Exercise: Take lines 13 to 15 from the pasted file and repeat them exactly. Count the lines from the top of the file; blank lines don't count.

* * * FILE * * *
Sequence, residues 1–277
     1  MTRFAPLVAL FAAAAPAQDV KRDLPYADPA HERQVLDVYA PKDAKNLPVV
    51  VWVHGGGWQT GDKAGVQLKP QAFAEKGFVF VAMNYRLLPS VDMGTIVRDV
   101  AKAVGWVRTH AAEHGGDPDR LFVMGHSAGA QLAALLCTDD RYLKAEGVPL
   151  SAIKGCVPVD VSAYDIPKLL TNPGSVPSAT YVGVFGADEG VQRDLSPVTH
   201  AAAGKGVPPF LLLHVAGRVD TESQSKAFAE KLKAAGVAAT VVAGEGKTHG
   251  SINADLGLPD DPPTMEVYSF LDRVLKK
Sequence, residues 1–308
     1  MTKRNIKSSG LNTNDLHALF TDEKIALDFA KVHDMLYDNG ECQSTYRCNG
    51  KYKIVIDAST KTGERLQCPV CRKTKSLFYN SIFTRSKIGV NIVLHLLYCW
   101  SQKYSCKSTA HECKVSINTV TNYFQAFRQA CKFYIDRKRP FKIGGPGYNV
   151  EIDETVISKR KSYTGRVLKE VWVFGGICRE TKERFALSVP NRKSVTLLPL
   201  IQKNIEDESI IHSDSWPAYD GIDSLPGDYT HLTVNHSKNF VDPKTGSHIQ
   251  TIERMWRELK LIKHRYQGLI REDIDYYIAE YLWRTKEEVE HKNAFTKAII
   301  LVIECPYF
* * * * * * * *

   201  IQKNIEDESI IHSDSWPAYD GIDSLPGDYT HLTVNHSKNF VDPKTGSHIQ
   251  TIERMWRELK LIKHRYQGLI REDIDYYIAE YLWRTKEEVE HKNAFTKAII
   301  LVIECPYF